The food was good, but nothing extravagant — pork tenderloin, dips and crackers, sliced pineapple and melon — and the room was tastefully appointed, with white tablecloths and a simple flower arrangement. The Hopkins County Health Care Foundation could have gone overboard Tuesday night when its members hosted a reception for sponsors of the Lights of Life campaign and gala, and they would have been justified. The donors they invited were hardly skinflints, but people who regularly give tens of thousands of dollars to help the foundation, not to mention countless other charities in Hopkins County.
Yet it all seemed so appropriate, because the people being honored made it clear they cared far more for the good of the community they helped than the adulation for their charity.
Mickey McKenzie — who served both as an emcee and an honoree — pointed out at the beginning of the reception in the Memorial Medical Plaza that the health care foundation’s sole mission is to help provide quality health care for Hopkins County through the Lights of Life campaign.
“That’s a short statement,” acknowledged McKenzie, who along with his wife, Barbara, has contributed $10,000 each year to the 3-year-old Lights of Life Gala. “But that’s exactly what we try to do, to help the hospital become a better place, whether you’re a patient or a visitor or whatever the case might be.”
The foundation has done its job. Over the years, the organization has helped improve the hospital by remodeling nurse stations, built the Gardens at Memorial for all to enjoy, and given thousands upon thousands of dollars to help support patient services at Hopkins County Hospice, Wound Care at Memorial and other programs. Along the way, the health care group has also helped children through the Think Child Safety program, assisted with Team Diabetes and supported the Hopkins County Memorial Hospital’s pediatric department, McKenzie said.
The 2008-2009 Lights of Life was the 13th year for the campaign and third year for the gala, and the most successful one financially, said Dr. Bill Dietze, co-chair of the gala with his wife, Peggy.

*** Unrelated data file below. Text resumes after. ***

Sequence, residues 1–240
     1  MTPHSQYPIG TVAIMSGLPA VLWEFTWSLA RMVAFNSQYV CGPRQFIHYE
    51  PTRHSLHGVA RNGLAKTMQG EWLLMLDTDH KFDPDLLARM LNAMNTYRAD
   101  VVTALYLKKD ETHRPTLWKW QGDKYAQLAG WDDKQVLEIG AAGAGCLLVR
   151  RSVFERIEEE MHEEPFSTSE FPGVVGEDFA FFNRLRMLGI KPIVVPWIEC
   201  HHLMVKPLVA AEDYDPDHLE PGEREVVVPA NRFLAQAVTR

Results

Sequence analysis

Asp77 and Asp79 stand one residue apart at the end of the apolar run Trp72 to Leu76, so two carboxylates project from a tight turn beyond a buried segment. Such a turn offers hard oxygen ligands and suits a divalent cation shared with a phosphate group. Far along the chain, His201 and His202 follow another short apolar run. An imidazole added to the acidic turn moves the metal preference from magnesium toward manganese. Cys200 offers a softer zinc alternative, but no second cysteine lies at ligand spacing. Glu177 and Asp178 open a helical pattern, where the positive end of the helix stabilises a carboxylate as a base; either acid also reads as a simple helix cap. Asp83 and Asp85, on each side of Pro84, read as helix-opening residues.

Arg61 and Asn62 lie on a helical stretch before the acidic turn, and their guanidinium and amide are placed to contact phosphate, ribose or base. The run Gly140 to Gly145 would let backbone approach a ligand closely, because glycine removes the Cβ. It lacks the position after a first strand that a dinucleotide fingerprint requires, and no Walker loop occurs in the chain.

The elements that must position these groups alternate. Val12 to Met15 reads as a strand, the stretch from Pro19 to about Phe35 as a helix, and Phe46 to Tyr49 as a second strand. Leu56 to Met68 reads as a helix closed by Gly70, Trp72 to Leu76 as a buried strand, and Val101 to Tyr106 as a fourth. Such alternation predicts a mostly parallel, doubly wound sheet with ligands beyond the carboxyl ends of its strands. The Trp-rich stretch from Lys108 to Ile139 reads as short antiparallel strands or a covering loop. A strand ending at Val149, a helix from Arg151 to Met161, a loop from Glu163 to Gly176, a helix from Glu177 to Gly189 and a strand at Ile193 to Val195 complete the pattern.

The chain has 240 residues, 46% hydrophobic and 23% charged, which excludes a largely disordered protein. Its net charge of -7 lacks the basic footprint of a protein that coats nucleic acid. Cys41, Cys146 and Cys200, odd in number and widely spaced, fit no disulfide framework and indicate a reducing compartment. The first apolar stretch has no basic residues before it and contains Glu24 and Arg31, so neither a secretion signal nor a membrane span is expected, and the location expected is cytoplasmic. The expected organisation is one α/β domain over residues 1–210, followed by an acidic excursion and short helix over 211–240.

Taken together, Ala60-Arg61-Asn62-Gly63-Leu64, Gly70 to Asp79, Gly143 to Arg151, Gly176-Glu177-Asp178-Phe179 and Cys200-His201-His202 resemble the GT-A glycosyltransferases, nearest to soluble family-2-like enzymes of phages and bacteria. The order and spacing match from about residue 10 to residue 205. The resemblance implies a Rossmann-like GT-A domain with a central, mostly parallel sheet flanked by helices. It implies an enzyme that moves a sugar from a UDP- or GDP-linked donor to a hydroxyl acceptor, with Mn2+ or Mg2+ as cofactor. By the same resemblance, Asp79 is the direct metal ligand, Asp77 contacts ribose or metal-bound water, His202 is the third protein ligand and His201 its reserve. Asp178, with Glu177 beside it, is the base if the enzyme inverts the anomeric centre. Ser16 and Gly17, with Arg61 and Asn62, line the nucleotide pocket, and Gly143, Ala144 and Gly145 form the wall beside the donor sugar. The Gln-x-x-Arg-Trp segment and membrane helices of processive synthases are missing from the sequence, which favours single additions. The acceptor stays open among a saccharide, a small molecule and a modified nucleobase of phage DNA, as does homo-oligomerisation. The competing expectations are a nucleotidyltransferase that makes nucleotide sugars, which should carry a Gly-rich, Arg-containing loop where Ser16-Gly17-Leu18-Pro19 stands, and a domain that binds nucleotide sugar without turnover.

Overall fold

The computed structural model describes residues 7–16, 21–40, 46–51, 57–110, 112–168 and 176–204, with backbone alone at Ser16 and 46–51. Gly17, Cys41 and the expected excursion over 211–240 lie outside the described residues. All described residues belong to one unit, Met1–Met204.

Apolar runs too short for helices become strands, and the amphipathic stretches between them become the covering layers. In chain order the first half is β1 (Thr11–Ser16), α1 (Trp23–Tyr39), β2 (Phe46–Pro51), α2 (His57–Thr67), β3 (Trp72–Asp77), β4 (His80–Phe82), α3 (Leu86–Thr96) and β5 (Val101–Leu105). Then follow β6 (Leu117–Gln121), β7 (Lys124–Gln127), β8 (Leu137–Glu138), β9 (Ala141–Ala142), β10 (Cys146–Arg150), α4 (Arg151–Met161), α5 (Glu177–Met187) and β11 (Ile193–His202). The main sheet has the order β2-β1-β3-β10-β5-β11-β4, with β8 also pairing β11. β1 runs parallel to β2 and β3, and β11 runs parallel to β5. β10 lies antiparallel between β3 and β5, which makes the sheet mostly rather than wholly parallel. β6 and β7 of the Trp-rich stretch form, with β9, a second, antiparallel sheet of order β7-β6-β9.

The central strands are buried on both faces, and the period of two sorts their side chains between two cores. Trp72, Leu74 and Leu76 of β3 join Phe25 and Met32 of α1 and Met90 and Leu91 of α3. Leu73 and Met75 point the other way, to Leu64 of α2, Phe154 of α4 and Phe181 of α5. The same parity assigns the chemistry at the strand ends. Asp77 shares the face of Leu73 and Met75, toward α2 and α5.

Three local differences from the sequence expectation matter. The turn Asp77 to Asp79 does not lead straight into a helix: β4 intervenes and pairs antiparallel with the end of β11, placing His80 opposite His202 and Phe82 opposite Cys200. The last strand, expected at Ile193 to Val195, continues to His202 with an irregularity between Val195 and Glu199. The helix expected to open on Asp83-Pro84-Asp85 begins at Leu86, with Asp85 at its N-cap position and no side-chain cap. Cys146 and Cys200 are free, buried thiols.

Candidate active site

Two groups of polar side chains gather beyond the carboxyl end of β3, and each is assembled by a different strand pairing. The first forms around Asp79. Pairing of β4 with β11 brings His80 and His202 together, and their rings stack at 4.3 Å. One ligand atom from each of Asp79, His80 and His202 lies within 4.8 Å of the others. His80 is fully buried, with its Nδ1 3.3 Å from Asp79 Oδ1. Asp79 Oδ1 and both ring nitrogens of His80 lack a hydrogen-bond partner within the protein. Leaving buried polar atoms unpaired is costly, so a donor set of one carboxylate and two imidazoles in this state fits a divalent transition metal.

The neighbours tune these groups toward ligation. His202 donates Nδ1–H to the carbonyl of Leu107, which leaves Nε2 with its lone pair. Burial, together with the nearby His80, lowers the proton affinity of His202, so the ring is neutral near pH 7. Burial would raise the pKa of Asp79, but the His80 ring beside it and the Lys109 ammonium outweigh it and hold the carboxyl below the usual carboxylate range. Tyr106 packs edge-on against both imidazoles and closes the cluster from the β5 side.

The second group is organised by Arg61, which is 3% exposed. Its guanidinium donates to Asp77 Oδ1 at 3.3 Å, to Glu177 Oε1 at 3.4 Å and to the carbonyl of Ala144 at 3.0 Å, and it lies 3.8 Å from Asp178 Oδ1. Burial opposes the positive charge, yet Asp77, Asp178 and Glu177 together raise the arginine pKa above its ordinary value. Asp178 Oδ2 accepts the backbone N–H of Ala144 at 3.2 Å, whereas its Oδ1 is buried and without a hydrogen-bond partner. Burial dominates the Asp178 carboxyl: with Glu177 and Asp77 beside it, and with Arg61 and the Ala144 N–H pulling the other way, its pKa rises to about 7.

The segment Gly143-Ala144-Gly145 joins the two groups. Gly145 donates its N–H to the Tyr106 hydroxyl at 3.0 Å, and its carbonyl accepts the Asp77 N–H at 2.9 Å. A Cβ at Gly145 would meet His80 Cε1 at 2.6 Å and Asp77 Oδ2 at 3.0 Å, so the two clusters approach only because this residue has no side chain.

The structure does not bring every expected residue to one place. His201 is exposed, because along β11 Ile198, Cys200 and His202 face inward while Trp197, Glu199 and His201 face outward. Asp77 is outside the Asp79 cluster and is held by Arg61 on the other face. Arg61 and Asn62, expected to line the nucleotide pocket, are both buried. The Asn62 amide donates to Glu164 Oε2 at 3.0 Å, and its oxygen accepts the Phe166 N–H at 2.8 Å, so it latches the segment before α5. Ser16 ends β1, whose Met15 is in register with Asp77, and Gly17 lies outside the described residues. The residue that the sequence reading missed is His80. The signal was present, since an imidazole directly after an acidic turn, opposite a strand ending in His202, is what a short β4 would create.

“We’ve finally got the monetary figures, and we’re very proud of them,” Dietze told the crowd of about 35 people who gathered for the intimate reception. “Our goal was to surpass last year, and we were able to do that.”
Overall, the campaign grossed more than $120,000 in revenue. That left more than $80,000 after all expenses were covered.
The health care foundation already has plans for some of that money. About $10,000, for example, is covering finishing out the children’s waiting areas in the new emergency department and third floor at Hopkins County Memorial Hospital.
The success of the campaign also allowed for a special project — a $21,000 pediatric rehabilitation garden, which is an outdoor rehabilitation facility disguised as a children’s playground.
“This left over $50,000 that we could put into the foundation’s coffers,” said Dr. Dietze. “It was more than we expected and much better than we expected.”
Dr. Dietze and Peggy Dietze then handed out plaques of appreciation to some of their biggest supporters.
The HCMH Volunteer Auxiliary was first to be honored. Jane Sutton, president of the auxiliary, accepted the plaque for the group’s “Star Sponsor” donation, which translates to a $10,000 donation to Lights of Life.
But the auxiliary has donated much more over the years.
“They have given more than $70,000 since Lights of Life’s inception,” Peggy Dietze told the crowd.
Mickey and Barbara McKenzie, representing GSC Enterprises Inc., were next to be recognized as Star Sponsors. They have given $10,000 to the Lights of Life Gala all three years.
Dr. Dietze accepted a third plaque on behalf of the physicians of HCMH, who pooled together $16,000 for the 2008-2009 Lights of Life.
Other sponsors were recognized for going “above and beyond” in supporting the fund-raising operation.
For the third year in a row, Alliance Bank was a Sparkle Sponsor, donating $5,000 each year to the gala.
Echo Publishing Co. was recognized for underwriting the printing of invitations and programs, worth more than $2,500 each year.
The many volunteers who spend countless hours planning the gala and campaign were also recognized by Dr. Dietze.
“Peggy and I just want to say to the [Lights of Life] committee, ‘Thank you, thank you, thank you,’” he said. “What a blessing it is to get to know you.”
Dr. Dietze also noted that Craig Roberts, who served this past year as chairman of the Lights of Life committee, will head up the 2010 gala, co-chairing the effort with his wife, Jennifer.
“My advice to Craig is to do anything you have to do to keep the committee happy,” Dr. Dietze said. “You’ve made our job a real pleasure.”
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